Having leapt from complete obscurity to competing at the Olympic Games in

just three short years, Patrick could have left the sport then and there, having achieved something extraordinary – but the major highlight of his career was yet to come.

On 5 May 2003 in Japan, Patrick’s journey – from fishing boat to language student, then rugby league player to Olympian and international sprinter – reached a defining moment when he made history by becoming the first ever Australian to run the 100 metres in less than 10 seconds. He crossed the finish line with a time of 9.93 seconds, an Australian record that still stands and was, at the time, the 17th fastest 100m time ever recorded, as well as the fastest ever achieved by an athlete of non-African descent.

“I was in a little placed called Mito,” says Patrick, casting his mind back to that memorable day. “The track was surrounded by little rice fields. I think I’m a fairly simple person by nature, so I think I felt at home there in that sense, and it was time for me to let loose.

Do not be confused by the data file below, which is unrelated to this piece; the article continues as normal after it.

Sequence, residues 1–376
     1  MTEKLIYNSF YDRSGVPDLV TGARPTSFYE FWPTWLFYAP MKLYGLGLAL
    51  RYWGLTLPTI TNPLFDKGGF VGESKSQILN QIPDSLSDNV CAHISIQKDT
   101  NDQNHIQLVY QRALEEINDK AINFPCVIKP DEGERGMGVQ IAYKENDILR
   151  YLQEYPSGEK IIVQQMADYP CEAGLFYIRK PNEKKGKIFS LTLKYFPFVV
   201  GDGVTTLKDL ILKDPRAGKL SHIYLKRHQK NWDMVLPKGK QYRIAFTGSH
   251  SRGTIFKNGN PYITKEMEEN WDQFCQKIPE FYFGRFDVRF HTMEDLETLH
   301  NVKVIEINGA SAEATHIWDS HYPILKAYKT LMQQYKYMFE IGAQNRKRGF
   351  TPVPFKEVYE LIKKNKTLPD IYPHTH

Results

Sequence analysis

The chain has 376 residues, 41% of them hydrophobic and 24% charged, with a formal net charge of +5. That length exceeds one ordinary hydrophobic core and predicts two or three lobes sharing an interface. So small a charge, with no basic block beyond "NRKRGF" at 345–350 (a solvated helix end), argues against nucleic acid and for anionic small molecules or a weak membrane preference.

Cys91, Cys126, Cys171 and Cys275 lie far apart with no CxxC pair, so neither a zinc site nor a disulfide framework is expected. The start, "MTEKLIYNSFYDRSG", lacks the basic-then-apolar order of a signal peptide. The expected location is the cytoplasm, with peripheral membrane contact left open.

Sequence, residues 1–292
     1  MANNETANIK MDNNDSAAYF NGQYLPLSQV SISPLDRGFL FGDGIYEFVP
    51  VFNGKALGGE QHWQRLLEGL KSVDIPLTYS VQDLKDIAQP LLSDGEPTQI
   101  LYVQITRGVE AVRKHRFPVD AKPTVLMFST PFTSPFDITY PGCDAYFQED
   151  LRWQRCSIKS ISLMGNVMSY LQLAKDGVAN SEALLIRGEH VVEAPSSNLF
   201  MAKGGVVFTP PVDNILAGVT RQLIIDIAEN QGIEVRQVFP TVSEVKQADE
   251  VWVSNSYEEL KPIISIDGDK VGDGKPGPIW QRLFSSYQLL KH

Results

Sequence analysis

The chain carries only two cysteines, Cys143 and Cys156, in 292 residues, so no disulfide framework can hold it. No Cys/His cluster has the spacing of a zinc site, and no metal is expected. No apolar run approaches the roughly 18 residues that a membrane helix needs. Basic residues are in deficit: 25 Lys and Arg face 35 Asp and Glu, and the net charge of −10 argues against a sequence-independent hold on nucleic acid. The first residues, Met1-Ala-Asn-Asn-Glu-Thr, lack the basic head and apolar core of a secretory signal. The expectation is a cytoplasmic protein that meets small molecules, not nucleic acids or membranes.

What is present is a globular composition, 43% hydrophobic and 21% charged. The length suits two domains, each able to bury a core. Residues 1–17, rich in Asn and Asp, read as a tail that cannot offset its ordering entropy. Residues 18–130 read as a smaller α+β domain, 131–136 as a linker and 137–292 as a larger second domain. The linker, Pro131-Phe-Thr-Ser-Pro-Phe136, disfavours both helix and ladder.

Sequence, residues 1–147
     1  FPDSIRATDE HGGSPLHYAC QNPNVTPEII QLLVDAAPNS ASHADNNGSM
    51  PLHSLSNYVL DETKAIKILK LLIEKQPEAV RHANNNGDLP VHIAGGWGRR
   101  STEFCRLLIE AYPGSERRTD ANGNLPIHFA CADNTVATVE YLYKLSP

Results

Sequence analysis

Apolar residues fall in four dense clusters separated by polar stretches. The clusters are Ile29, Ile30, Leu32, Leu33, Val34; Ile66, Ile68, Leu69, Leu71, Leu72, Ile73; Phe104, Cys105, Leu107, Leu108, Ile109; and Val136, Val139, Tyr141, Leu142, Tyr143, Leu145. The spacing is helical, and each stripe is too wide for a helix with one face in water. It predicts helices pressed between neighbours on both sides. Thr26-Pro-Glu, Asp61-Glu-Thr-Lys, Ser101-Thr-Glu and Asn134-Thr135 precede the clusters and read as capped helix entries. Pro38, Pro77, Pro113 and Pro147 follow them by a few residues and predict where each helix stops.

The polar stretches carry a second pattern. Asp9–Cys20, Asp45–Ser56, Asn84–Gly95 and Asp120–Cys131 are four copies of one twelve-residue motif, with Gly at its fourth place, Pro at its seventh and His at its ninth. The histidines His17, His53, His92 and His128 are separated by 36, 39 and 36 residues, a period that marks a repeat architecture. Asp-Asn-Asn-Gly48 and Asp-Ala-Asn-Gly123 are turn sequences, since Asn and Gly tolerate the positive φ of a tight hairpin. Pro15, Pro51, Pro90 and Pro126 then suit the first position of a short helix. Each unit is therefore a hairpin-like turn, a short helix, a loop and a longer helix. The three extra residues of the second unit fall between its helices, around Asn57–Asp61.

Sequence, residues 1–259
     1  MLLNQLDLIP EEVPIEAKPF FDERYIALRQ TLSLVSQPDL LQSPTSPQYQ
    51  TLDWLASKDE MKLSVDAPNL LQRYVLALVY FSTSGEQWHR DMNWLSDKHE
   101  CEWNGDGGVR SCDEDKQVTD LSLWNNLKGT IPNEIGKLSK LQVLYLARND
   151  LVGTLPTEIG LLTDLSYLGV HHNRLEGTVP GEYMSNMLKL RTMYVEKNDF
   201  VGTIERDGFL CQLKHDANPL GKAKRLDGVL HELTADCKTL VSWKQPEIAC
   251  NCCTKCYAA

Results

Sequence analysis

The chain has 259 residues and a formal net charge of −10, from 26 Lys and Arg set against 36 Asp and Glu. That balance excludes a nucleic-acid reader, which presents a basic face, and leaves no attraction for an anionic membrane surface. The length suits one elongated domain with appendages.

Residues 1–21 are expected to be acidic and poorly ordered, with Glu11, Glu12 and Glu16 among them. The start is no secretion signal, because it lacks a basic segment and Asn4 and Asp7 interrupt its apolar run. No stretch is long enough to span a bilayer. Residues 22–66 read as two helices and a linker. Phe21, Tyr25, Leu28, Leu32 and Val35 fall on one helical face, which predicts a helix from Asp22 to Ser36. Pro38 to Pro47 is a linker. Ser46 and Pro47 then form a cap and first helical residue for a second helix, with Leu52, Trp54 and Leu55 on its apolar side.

“I showed a lot of ability leading up to that, but there was always that question: ‘You haven’t run the sub 10… you’ve shown ability, but when are you going to do it?’ And there was always the ‘You’re never going to do it’ humbug. So to have my first race in ’97 and then go on to break the Australian record at age 30… I think later on in life I’ll look back with my kids and grandkids and say, ‘Hey, I wasn’t a bad runner’, but at the moment I’m still just living life and making the most of it.”

While the 9.93-second record will live on in history, just as rewarding was a more recent achievement in 2010 when, against the odds, and at the age of 37, Patrick won the national 200m title, and booked his place in the Australian Commonwealth Games’ team for Delhi.